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Before Columbus, the Americas were populated by many indigenous cultures, with a great diversity of religions. After 1492, European governments and churches dominated religious life. While Roman Catholicism was the official religion, great religious hybridization occurred, mixing European, indigenous, and often African traditions into distinctly New World forms. Latin American Religions provides an introduction through documents to the historical development and contemporary expressions of religious life in South and Central America, Mexico, and the Spanish-speaking Caribbean. A central feature of this text is its inclusion of both primary and secondary materials, including letters, sermons, journal entries, ritual manuals, and ancient sacred texts. These documents provide readers with direct access to the voices of adherents, enabling them to act as academic investigators, experiencing and interpreting the same texts on which historians draw. The documents are framed by substantive introductions which provide both historical context and theoretical insights for the study of these religions traditions and the ways in which they have developed over time. From the religious traditions of the Mayas and Aztecs and of the African diaspora, to official and popular Catholicism, to liberation theology, the rise of Pentecostalism, and emerging trends and new religious movements in Latin America, this new work offers a concise overview of this fascinating field.

Christianity in Latin America

Christianity in Latin America

A History

  • Author: Justo L. González,Ondina E. González
  • Publisher: Cambridge University Press
  • ISBN: 1139467875
  • Category: Religion
  • Page: N.A
  • View: 4562
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From the arrival of the conquistadores in the fifteenth century to the spread of the Pentecostal movement today, Christianity has moulded, coerced, refashioned, and enriched Latin America. Likewise, Christianity has been changed, criticized, and renewed as it crossed the Atlantic. These changes now affect its practice and understanding, not only in South and Central America and the Caribbean, but also - through immigration and global communication - around the world. Focusing on this mutually constitutive relationship, Christianity in Latin America presents the important encounters between people, ideas, and events of this large, heterogeneous subject. In doing so, it takes readers on a fascinating journey of explorers, missionaries, farmers, mystics, charlatans, evangelists, dictators, and martyrs. This book offers an accessible and engaging review of the history of Christianity in Latin America with a widely ecumenical focus to foster understanding of the various forces shaping both Christianity and the region.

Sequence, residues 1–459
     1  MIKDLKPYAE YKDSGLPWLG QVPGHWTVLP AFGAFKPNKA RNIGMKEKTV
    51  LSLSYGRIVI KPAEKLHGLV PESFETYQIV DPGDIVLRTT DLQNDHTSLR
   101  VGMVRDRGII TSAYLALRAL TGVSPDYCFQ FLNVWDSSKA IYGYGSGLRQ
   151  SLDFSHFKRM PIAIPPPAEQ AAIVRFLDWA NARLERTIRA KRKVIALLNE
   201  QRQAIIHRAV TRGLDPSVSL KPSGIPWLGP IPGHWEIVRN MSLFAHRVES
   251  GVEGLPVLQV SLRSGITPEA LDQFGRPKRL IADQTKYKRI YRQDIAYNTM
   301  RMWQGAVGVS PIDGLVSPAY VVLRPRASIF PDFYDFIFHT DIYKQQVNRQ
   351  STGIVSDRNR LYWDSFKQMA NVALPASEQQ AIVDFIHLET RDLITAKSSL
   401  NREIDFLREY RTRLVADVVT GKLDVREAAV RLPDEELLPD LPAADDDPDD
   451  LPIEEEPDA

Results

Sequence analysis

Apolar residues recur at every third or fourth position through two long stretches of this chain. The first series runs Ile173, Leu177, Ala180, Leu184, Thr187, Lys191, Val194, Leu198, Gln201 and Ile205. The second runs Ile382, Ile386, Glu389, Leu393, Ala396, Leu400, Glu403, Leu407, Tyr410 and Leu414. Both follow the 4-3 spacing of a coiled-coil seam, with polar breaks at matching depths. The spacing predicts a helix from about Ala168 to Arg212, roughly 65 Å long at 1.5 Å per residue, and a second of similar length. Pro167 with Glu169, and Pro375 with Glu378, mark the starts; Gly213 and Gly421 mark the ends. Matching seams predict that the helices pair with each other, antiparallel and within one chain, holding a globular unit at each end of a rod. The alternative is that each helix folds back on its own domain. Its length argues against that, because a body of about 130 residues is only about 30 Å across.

Religious Culture in Modern Mexico

Religious Culture in Modern Mexico

  • Author: Martin Austin Nesvig
  • Publisher: Rowman & Littlefield Publishers
  • ISBN: 1461643023
  • Category: Religion
  • Page: 292
  • View: 8156
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This nuanced book considers the role of religion and religiosity in modern Mexico, breaking new ground with an emphasis on popular religion and its relationship to politics. The contributors highlight the multifaceted role of religion, illuminating the ways that religion and religious devotion have persisted and changed since Mexican independence. Focusing on individual stories and vignettes and on local elements of religion, the contributors show that despite efforts to secularize society, religion continues to be a strong component of Mexican culture. Portraying the complexity of religiosity in Mexico in the context of an increasingly secular state, this book will be invaluable for all those interested in Latin American history and religion.

A History of Catholic Moral Theology in the Twentieth Century

A History of Catholic Moral Theology in the Twentieth Century

From Confessing Sins to Liberating Consciences

  • Author: James F. Keenan
  • Publisher: Bloomsbury Publishing USA
  • ISBN: 1441189483
  • Category: Religion
  • Page: 256
  • View: 7366